Downtown After Hours Artwalk relaunched for 2021


Photo courtesy of Christina Britt

After Hours Artwalk live music, March 4.

Abigail Jones, Reporter

Downtown Wichita Falls Development’s After Hours Artwalk (AHA!) is back as of March 4. This was the first official AHA! since COVID-19 shut down large-group events.

“Due to COVID restrictions [the artwalk is] obviously a little bit different right now,” Becky Raeke, chair of AHA! and co-owner of 9th Street Studios, said. “I know that [the artwalk] benefits other businesses and businesses have been really hurting this last year, so it’s a labor of love.”

The artwalk brought foot traffic back to these hurting businesses. Businesses near and far from the hub of the artwalk, around 8th and Indiana streets, experienced this such as Sandi Gant, an artist at Seventh Street Studio, who was delighted to see people going to the studio.

“We’ve had a lot of people coming through. Everyone has been so respectful, wearing masks and social distancing. We’re looking forward to a great year,” Sherri Lane, director of social media and marketing at the Wichita Falls Art Association said. “Everybody is ready to get out, even with a mask, and walk around.”

AHA! brought together the community despite COVID-19 and has its attendees following COIVD-19 guidelines. According to Raeke, the Farmer’s Market was at full COVID-restricted capacity.

 “People are glad to be out… So many people have been vaccinated that they’re feeling a little safer to get out in places… Maybe we’re getting back to normal, some form of normalcy.” Sharon Norton, artist at Seventh Street Studio, said.

This normalcy is dependent entirely on the community, according to Raeke. The artwalk being held during after-hours has also attracted many members of the community that are usually busy during the day.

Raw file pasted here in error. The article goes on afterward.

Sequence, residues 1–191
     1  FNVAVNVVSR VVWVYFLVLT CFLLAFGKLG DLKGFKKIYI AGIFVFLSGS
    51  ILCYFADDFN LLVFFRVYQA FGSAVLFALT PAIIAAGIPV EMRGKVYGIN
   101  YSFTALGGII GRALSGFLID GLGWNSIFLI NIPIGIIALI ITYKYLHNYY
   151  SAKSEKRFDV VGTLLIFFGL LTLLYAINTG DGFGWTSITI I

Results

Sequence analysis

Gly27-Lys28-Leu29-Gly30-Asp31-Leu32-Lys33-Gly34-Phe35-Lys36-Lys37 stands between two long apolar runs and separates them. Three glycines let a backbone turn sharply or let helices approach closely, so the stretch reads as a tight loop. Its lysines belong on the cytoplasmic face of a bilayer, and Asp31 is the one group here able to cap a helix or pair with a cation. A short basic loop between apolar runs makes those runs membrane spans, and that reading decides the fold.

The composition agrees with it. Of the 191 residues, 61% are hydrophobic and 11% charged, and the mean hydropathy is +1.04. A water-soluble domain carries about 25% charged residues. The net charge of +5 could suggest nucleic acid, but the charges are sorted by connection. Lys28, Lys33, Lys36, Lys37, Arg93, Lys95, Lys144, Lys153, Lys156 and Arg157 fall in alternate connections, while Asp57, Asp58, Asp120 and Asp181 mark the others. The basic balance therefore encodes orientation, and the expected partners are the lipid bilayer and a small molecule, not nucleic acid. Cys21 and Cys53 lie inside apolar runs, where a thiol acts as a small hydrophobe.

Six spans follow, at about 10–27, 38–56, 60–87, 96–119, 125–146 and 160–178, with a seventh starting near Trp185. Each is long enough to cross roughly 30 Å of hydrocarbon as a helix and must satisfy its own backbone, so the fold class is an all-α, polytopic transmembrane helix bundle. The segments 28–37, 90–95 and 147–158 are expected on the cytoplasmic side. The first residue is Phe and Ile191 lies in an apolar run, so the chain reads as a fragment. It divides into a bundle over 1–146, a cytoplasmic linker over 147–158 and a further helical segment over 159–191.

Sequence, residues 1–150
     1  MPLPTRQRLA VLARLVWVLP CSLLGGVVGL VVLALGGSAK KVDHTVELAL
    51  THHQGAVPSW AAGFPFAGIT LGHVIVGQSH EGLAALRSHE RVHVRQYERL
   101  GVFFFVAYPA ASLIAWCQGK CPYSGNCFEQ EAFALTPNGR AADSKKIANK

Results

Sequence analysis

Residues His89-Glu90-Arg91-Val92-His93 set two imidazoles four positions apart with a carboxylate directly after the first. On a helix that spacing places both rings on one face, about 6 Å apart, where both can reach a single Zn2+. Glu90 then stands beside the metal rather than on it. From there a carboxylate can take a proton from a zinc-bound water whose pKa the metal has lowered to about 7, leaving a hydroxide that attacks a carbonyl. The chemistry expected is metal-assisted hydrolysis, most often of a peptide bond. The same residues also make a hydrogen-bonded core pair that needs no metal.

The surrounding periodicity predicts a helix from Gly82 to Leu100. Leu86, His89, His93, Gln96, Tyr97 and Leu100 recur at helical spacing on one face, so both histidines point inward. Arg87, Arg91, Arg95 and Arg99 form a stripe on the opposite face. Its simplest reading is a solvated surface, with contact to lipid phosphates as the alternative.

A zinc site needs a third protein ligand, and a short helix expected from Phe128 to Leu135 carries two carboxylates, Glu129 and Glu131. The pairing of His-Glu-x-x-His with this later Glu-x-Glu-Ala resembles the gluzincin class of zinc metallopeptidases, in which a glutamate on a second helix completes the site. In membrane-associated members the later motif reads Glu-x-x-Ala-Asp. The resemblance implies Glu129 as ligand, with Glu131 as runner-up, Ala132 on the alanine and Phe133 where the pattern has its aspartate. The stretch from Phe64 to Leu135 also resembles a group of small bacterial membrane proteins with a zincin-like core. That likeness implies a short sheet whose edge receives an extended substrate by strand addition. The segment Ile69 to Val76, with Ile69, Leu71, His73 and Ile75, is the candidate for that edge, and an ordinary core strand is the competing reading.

“I like to build community… I feel that we have a family community downtown. It’s a huge area, but everybody kind of looks out for each other,” Raeke said. “It really provides an opportunity for people to come in after hours.”

When Raeke and her team first rebranded the artwalk to AHA! a big part of their job was contacting businesses directly about getting involved.

“Now that we’ve done a lot of work and the hand-holding, they’re starting to do it themselves and realize the benefit that it brings to their business and downtown as a whole,” Raeke said.

Citizens attending the artwalk said they could feel this benefit, building a sense of community through events celebrating the work of others within it. 

“It’s really nice to have a sense of community. Wichita Falls is not known for having a lot to do, but this is one of the nice things that you could do here,” Cody Parish, Redwine Honors coordinator and artwalk attendee, said. “I’m really happy that they brought it back.”

This community includes local artists, students and non-students alike. Showcasing their art, not just paintings but ceramics, metals and other mediums.

“It’s good access for all artists in Wichita Falls, especially young artists, to just go set up a booth, sell some art and feel good about their art. That’s such a good thing to have in our community, especially downtown,” Skylar Thomson, psychology junior and artwalk attendee, said. “It adds something to downtown. It gives downtown more purpose.”

The AHA! Team is constantly looking for new ways to support young artists of any medium. Building support systems for students such as engineering freshman, Elizabeth Horn who wished for a similar event on campus and plans to attend future AHA! events.

“We’re always racking our brains on ways that we can build bridges for students to the downtown area, not just because we want them to stay in Wichita Falls but because, as a gallery owner, we want to provide a support system in the real world [and help them with] that transition,” Raeke said. 

Raeke said her team decided to extend the artwalk from seven monthly recurring events to nine so to provide more opportunities for the town’s artists.

“We’re always up for new ideas and crazy out-of-the-box things. You’ll be seeing some performance art throughout the season. It is a longer season this year,” Raeke said. “It’s really exciting for me to dream up new ideas and ways that we can creatively use the talent that we have here in Wichita Falls [to] show people what we are.”